39 MDG beta tests AFMS first blended TCCC and Medic-X curriculum

  • Published
  • By Staff Sgt. Gabrielle Winn
  • 39th Air Base Wing

The Air Force Medical Service tasked the 39th Medical Group to test the service’s first blended curriculum, enhancing the readiness and skills of medical personnel, Soldiers, and NATO allies at Incirlik Air Base, Turkey, April 20-24, 2022.

The new course combined AFMS Medic-X training and traditional Tactical Combat Casualty Care Combat Life Saver course to prepare medics and non-medical personnel for prolonged field care.

“Incirlik, was chosen as a Medic-X beta test site because of the existing TCCC cadre already in place and the prioritization of [multi-capable Airmen] within the 39th MDG and 39th [Air Base Wing],” said U.S. Air Force Col. Christopher Kelly, 39th Operational Medical Readiness Squadron commander. “Based on our remote location, the current operating environment and potential threat level, the 39 MDG leadership prioritized TCCC and Medic-X as a strategic initiative.”

During the five-day training event, trainees learned multi-capable Airman concepts that were integrated into the traditional TCCC.

“This [training] is a standardized approach for battlefield medical care with a progressive tiered approach that targets specific medical interventions based on the Airmen’s role in a trauma situation,” Kelly stated. “These lifesaving skills can be applied to both combat and everyday life.”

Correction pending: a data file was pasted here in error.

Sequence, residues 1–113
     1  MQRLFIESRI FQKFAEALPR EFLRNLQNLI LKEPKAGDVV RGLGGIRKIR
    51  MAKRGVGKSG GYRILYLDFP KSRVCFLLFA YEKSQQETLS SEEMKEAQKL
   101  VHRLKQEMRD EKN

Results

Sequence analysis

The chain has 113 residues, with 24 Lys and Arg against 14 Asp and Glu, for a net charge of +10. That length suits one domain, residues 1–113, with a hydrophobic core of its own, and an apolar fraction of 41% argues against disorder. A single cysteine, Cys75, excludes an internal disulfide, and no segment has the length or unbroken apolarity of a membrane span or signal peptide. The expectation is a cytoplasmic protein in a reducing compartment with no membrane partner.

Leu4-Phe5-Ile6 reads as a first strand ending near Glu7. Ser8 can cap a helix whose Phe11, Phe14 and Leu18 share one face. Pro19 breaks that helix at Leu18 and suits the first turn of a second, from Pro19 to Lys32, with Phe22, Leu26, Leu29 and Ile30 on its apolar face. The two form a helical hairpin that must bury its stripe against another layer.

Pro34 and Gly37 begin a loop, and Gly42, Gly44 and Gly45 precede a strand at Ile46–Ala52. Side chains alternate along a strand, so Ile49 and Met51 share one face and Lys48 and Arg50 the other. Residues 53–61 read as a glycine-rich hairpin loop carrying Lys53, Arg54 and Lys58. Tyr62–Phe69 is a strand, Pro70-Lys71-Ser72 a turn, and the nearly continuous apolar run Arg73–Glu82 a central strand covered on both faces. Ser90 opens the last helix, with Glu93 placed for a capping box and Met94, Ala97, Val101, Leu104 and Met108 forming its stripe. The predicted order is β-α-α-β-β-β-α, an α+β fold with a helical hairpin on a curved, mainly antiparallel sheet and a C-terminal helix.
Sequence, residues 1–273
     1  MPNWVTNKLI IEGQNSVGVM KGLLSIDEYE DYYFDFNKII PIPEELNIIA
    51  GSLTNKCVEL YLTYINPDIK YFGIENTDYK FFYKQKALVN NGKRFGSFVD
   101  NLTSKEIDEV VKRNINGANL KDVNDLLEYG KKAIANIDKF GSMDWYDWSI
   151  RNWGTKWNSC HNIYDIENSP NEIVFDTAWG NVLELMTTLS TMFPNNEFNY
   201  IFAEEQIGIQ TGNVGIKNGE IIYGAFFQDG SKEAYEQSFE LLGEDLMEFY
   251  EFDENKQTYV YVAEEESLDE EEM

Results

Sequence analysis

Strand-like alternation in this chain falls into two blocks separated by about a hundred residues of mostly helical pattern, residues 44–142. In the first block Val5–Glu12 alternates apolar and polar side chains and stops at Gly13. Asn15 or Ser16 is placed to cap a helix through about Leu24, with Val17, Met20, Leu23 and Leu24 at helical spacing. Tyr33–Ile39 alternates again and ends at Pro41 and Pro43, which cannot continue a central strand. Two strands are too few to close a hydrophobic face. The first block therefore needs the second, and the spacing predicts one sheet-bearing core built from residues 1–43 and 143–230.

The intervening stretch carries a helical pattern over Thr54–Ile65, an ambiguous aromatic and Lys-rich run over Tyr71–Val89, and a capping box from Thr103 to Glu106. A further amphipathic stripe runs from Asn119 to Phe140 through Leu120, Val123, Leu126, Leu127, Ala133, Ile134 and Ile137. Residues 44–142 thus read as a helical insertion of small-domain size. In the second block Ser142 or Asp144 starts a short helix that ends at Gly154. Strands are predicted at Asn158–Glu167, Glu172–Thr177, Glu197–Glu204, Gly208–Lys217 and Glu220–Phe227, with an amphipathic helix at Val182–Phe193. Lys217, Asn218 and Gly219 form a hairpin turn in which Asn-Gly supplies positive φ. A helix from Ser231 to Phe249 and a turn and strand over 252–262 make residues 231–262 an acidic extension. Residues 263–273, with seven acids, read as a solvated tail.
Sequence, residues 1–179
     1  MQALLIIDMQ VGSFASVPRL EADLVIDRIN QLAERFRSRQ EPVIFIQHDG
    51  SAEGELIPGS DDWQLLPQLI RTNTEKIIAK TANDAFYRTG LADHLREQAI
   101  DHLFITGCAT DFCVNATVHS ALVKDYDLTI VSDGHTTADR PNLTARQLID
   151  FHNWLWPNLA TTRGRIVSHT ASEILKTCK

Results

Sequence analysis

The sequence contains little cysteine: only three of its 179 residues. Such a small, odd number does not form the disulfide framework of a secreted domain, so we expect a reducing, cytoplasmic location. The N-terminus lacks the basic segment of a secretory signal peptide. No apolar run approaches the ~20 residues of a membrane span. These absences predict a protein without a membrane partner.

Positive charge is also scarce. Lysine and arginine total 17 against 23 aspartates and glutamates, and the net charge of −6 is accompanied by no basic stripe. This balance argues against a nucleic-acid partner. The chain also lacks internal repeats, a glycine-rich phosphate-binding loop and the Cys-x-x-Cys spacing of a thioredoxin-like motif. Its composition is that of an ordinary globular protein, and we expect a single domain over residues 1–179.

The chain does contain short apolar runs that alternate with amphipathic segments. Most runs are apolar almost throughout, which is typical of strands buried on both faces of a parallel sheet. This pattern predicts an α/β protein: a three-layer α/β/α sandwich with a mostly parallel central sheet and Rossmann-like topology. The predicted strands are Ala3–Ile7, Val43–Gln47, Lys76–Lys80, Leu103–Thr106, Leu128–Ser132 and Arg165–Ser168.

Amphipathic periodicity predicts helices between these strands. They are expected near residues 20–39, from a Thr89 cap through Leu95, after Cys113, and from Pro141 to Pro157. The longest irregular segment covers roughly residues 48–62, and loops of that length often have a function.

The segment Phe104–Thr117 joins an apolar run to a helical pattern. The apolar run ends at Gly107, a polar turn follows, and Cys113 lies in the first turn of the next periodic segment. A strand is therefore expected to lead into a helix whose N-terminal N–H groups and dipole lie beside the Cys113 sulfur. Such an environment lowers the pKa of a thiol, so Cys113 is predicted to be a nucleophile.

TCCC provides basic lifesaving skills to military members through evidence-based training that reflects casualty care lessons spanning over 20 years of war. These skills are expected to significantly reduce preventable prehospital trauma-related deaths, while Medic-X skills use multi-capable Airmen concepts to prepare non-clinical Airmen to assist in tactical clinical support.

“As our [Air Force Medical Service] is challenged with a limited number of medical personnel, MCA within the AFMS allows all medical members to be trained, in a standardized approach, to a level that allows all AFMS members to participate at a basic level of direct patient care,” Kelly explained.

Kelly added that the 39th MDG used this opportunity to leverage their partnerships with joint and international units throughout the base to ensure a hands-on, interactive course.

“The 39th MDG has built many partnerships with the Expeditionary Air Refueling Squadron, Army helo squadron, [39th] Security Forces Squadron, [39th] Logistics Readiness Squadron and four NATO partners that enable the MDG to provide a unique training environment [for] robust hands-on training for medics,” he said.

According to U.S. Air Force Staff Sgt. Marckus Humphries, an ambulance services technician assigned to the 39th Healthcare Operations Squadron, this joint readiness training ensures Airmen, Soldiers and NATO allies across Incirlik AB have the ability to perform simple medical tasks in the event of mass casualty or combat emergency situations.

“Readiness training is just one of the ways we can prepare our Airmen for any event that happens,” Humphries explained. “Being able to utilize anyone in the most basic areas will reduce the amount of stress and struggle that members will have to go through.”

Kelly also underscored the importance of this combined training to developing multi-capable Airmen capable of fulfilling evolving security requirements.

“We do not know what enemy we will face tomorrow, [and] we must prepare our medics now to be ready to meet those future challenges. Medic-X and TCCC directly influence our medics’ adaptability to answer when called upon.”